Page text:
• MichaelEFear

      Agree completely Phillies phan. He could have been a lot more harsh and I thought it came across as very classy. Thanks for reading!

  • Gritty Hombres

    So it seems that this is club ball, and not recreational or Little League, and in that situation I agree with almost everything he said. I do have a problem with the part about missing time for family matters, and that he’s going to have them run or be dropped in the lineup. Not playing them is fine, they weren’t there for practice, but to have the kids run for a family thing? Is he going to run laps for going to his family thing? Then to say he will drop them in the lineup, when earlier he said he had specific reasons for how the lineup is made. Well apparently not, unless kids are being moved in it every week because they are missing time with the team. Put our best hitter in the 9 hole because he and his family went to Grandma’s funeral? Thanks coach for not helping us win the game.

    • Halo

      Rediculous response Gritty. Dare I say, you are that parent that complains in front of your kid about teachers and coaches? You have missed the spirit of this letter entirely. Nowhere in his letter did he talk about Grandma’s funeral nor did he say he was putting the best hitter in the 9 hole. Go drink your glass of half empty beer.

    • Swatcho

      Gritty Hombres, you are exactly the type of parent that Mike is trying to avoid. I feel bad for your kids. I can just picture you being like the parents from “the odd life of Timothy Green”.

      • Joseph Taylor

        Gritty makes a great point … What is ridiculous is you people who attack a guy and rebuke him for simply stating his opinion. Did you guys notice Gritty said “I agree with almost everythng he said”? Props for him not being a mindless blind follower. Matheny said family comes before baseball and he understands families will miss from time to time. So it is certinly plausible to think an informed parent would question the coach on this point. Most families get that one time off during the year to take a family trip … If it were me and my son killed it on the field and off hustling his butt off but missed a game and a pracitce or two because of the one family getaway I would certainly support the coach and the team .. and at the same time call out the coach respectfully and privately if I were concerned about punitive punishment that I felt was unwarranted. Love Matheny’s approach … support it 100 % … and also not afraid to question motives or methods if need be… we work together for our kids!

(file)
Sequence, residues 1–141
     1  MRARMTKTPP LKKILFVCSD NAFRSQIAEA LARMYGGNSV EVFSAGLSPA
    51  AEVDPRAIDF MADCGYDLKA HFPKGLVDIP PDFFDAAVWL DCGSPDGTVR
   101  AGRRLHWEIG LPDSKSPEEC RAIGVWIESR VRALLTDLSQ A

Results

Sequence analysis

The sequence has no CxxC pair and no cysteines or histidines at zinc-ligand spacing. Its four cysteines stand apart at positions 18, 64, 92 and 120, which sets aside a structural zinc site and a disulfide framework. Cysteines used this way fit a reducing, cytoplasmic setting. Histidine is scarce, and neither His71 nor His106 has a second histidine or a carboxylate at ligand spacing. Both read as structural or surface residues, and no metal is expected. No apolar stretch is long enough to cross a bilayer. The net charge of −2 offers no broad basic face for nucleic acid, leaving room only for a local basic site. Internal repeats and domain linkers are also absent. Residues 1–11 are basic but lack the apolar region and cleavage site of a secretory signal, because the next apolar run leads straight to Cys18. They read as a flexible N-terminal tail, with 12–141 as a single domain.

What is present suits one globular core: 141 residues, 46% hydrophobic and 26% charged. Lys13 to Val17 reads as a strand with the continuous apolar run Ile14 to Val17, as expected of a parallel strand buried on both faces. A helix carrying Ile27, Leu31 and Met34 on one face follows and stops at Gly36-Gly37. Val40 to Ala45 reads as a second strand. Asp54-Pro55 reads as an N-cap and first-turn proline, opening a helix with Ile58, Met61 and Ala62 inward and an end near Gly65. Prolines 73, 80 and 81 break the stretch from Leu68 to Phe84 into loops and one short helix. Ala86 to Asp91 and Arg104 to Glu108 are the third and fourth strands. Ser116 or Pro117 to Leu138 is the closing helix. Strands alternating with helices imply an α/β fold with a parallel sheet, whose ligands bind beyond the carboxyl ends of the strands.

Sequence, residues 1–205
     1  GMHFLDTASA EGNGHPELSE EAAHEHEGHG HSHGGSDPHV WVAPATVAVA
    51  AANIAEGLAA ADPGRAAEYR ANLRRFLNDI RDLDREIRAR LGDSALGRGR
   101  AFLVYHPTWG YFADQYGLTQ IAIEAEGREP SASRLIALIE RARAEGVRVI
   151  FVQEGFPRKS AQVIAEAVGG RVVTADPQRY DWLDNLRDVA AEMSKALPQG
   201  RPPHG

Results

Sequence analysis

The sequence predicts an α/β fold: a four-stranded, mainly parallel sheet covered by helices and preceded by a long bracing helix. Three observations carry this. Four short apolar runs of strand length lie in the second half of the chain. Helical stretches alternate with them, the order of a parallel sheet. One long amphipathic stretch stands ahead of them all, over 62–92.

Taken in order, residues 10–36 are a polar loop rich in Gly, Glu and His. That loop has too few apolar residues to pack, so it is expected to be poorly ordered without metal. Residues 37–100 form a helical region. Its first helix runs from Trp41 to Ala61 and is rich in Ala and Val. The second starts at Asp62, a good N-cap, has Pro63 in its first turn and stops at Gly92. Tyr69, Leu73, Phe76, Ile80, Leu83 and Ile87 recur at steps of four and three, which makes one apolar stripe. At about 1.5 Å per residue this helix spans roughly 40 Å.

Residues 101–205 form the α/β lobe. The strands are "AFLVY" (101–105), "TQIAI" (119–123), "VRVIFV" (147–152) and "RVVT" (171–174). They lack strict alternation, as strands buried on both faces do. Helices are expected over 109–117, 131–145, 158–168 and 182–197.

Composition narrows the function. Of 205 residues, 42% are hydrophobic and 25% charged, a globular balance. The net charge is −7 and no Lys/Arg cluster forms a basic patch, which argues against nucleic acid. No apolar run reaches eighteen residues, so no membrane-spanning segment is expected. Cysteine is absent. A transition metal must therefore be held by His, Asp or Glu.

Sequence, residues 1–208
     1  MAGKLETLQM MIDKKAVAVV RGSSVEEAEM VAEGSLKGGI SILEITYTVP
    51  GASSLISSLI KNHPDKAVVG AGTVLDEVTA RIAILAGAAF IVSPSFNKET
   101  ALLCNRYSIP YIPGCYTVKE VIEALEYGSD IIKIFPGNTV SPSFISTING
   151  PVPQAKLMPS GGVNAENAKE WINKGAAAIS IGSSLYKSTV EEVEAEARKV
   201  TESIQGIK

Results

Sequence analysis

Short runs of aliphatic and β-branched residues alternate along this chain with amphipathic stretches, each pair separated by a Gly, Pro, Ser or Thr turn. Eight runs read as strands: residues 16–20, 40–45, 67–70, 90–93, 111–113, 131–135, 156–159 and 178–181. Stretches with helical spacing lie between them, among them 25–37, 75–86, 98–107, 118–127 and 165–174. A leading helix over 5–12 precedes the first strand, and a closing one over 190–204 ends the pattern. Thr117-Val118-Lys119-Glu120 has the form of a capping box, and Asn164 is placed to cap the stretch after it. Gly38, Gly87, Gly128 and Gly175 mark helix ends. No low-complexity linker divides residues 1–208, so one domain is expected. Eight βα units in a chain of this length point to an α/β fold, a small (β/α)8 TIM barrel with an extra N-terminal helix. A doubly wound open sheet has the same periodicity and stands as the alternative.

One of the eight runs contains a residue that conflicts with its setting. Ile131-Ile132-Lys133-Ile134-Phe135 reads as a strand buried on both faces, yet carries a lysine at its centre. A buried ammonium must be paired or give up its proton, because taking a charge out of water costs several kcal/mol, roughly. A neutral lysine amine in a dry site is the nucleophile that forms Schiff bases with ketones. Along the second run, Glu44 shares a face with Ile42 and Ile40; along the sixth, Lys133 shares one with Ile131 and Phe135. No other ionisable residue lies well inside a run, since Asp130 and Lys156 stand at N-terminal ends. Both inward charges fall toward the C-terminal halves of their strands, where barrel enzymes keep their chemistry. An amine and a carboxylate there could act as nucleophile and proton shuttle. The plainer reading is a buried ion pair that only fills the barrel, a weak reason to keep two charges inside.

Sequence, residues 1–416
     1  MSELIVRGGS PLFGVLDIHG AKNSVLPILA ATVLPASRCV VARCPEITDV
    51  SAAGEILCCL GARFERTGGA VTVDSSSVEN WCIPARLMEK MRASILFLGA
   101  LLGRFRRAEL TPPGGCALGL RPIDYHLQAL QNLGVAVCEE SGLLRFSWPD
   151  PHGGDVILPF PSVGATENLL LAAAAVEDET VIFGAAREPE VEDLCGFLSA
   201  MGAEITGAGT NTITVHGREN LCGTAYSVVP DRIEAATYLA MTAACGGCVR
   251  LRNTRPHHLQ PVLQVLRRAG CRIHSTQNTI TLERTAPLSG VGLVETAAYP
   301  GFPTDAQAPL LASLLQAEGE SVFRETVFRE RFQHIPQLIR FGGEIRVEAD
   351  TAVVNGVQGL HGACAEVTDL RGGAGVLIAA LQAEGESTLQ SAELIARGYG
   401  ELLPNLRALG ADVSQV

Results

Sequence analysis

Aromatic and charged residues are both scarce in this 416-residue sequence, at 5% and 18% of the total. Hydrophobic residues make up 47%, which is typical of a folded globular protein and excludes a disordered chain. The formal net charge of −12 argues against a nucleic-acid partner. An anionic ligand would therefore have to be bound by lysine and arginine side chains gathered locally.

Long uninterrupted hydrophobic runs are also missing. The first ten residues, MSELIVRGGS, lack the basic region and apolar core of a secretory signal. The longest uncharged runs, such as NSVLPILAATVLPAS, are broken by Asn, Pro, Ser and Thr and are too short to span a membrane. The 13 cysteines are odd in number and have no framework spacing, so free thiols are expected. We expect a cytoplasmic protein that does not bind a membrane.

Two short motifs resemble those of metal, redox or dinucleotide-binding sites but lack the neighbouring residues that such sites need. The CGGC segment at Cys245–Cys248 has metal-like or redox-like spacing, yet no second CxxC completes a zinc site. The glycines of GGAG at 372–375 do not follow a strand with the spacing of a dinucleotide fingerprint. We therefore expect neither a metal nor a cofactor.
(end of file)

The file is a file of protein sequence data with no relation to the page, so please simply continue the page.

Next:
• MichaelEFear

      You make a very interesting point. I wonder how lenient he was on these types of issues.

    • GetReal

      Did you not read the last statement? If this is something you cannot commit to, then don’t. Nobody is making them play. It just depends on how serious you want it. At 10/11, I knew I wanted to play professionally and found demanding coaches. Didn’t quite make it that far, but I dedicated myself and my lifestyle this way. The true baseball life is a religion; if you are serious about it, you will seek those who will allow you the opportunity to grow into the person you want to become. You may fall short, but you can hang your hat on the fact that you did everything you could to learn and shape your mind and body exactly the way you intended. Also Matheny is dedicated to excellence in all aspects of the game; why would he settle for any one of his students to not be? It’s black and white; you want it or you don’t. If you want to play for fun, there’s plenty of recreational leagues that will gladly accept your money. If you want to seek the best aids, the sky’s the limit. I was never even a professional player but I coach younger kids 10-12U, and I sent a letter to my parents regarding the exact issues in this open letter. It weeds out the immature kids, those who are just wanting to play with friends, and parents and players who are not serious about the game. It’s simple: be taught the right way to prepare and play or go play house-ball for a local rec. league.